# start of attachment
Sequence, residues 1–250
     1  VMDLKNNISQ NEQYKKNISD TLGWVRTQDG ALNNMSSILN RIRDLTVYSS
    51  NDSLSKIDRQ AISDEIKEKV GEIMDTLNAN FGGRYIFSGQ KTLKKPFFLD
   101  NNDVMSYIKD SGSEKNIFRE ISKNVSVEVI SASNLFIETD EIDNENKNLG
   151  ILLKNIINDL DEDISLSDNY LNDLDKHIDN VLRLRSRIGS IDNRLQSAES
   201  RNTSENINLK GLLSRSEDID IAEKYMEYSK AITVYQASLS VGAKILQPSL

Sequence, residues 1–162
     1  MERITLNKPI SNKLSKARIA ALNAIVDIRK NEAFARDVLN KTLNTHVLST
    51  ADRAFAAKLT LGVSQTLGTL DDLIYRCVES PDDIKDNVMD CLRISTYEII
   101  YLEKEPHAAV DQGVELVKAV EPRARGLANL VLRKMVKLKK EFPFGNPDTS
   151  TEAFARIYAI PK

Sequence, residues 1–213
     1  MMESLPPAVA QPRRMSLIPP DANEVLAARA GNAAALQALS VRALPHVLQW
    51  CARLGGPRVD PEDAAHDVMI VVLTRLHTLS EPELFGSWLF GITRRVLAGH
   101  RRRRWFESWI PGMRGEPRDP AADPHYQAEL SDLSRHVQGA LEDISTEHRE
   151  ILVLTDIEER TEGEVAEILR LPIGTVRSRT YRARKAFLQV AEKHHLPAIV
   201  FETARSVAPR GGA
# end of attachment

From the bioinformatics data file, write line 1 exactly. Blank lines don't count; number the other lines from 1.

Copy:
Sequence, residues 1–250